Bookbinding the Necronomicon – part 5

On my last post, I left off just after finishing adhering the leather to the spine and beginning to cut the claws through the leather.  Now, at this point, I have cut all of the claws through the leather and cut a hole where the red leather on the front cover will be exposed.  It’s more or less a placeholder right now.  I’m still figuring out how to get the claws surrounding the red leather to poke through and keep it neat as well as keeping the original design (I’m finding out now how hard that is going to be):


I decided to dive in and just go for it.  I began with poking holes through the leather where I thought I could gradually force the cover claws through.  That worked to a point using my awl, but I found that I still had to fiddle with it and I eventually did cut slits with the box cutter you see in the picture.  I only made small slits as I really wanted to keep the look of the claws being a part of the book.  I didn’t want holes and cut leather to be seen.  This is going be be seen via camera as a prop so I really wanted it to look good!:


Took a lot of elbow grease to get those claws through, but it was worth it.  The picture here shows me working them through after making small slits since the holes the awl made were not cutting it (no pun intended).  Unfortunately, I got so focused on this cover, that I neglected to take more pictures of the progress here.  I can say that it went very smoothly.  I believe it all comes down to the leather here being so soft pliable.  One by one I was able to get all of the claws through.  Then I cut more of the leather to reveal more of the red beneath.  Then I glued the leather to the cover.  This took some doing as I knew I needed a lot to manipulate the leather into a wrinkled look.  I used brushes and my fingers to get it all under there.  Had to make my way around the claws – fly blind as it were – and get the glue onto every part of the surface:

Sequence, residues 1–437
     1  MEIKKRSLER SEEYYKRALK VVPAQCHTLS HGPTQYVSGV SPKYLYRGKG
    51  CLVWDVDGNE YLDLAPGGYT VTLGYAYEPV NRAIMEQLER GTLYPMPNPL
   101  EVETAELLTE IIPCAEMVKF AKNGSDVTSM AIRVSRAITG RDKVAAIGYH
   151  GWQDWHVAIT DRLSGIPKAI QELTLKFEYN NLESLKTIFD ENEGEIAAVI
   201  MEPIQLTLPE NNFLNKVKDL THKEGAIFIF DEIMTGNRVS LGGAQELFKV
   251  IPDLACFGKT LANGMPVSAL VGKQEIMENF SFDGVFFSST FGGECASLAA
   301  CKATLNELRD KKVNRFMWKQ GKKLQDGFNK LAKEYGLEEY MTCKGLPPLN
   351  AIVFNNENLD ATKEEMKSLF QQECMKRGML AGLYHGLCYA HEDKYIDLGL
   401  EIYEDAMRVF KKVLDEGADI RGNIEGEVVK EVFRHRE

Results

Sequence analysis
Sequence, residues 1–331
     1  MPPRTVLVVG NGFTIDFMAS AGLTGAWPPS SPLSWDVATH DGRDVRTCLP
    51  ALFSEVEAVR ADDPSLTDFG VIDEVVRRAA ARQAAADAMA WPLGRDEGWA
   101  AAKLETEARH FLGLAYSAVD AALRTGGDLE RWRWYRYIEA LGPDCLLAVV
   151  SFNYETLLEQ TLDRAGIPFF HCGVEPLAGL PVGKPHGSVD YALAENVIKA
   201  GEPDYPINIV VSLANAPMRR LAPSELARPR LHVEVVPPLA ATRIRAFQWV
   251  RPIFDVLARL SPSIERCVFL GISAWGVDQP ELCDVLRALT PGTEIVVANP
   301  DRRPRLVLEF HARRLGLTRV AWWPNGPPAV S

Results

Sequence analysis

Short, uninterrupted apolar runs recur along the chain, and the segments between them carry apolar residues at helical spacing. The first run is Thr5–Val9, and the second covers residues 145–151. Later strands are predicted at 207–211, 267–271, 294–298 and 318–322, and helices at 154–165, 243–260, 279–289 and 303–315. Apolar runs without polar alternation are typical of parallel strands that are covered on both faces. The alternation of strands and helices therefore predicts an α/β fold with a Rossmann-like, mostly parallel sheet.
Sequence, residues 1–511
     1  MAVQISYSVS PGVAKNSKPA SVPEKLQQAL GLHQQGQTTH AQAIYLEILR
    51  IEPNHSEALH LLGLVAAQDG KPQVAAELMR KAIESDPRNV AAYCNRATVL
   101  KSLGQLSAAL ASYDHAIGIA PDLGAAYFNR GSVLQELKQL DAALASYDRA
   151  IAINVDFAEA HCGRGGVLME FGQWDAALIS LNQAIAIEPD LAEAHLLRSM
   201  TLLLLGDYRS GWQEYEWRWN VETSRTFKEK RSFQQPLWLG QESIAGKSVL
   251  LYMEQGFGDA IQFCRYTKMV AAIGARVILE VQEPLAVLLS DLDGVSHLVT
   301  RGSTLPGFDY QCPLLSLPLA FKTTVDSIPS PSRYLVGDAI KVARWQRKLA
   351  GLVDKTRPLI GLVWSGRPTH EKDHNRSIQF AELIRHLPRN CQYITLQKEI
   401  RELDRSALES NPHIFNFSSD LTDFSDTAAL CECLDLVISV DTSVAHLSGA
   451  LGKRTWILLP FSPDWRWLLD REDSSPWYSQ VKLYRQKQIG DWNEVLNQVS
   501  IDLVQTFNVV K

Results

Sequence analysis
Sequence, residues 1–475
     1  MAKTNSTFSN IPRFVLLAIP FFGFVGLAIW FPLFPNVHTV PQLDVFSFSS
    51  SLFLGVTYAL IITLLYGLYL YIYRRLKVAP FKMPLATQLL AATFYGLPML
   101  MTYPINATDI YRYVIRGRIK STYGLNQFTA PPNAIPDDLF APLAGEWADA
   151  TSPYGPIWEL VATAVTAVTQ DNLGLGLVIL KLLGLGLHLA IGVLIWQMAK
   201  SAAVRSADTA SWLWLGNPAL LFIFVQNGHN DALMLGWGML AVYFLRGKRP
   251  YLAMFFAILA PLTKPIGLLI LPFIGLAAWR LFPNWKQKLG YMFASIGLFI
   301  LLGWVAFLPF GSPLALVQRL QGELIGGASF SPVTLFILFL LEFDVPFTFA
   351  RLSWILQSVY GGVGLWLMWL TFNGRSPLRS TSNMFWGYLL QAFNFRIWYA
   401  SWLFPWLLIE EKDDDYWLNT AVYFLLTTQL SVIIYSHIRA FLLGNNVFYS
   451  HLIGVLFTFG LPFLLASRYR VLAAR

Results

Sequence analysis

My next step was to age the pages.  From my instructions, the book would be seen either closed or open to the “Hero Pages” – which are the pages to be seen on screen close up.  I used watered down coffee with a drop of ink.  I brushed the watered down mixture on in layers bit by bit until I got the color I was looking for.  This is also the mixture that I used on the hero pages before I drew and wrote the text on them.  The wax paper was used to keep the brush from getting the leather wet.  I noticed that this sheep skin became dark easily when wet:


A nice “side effect” of this technique is that it did wrinkle the pages.  Since I only did this to the exterior of the pages, I was able to get a nice wrinkled, wavy look to the pages:


Next step – finishing touches!

Go to Part 4


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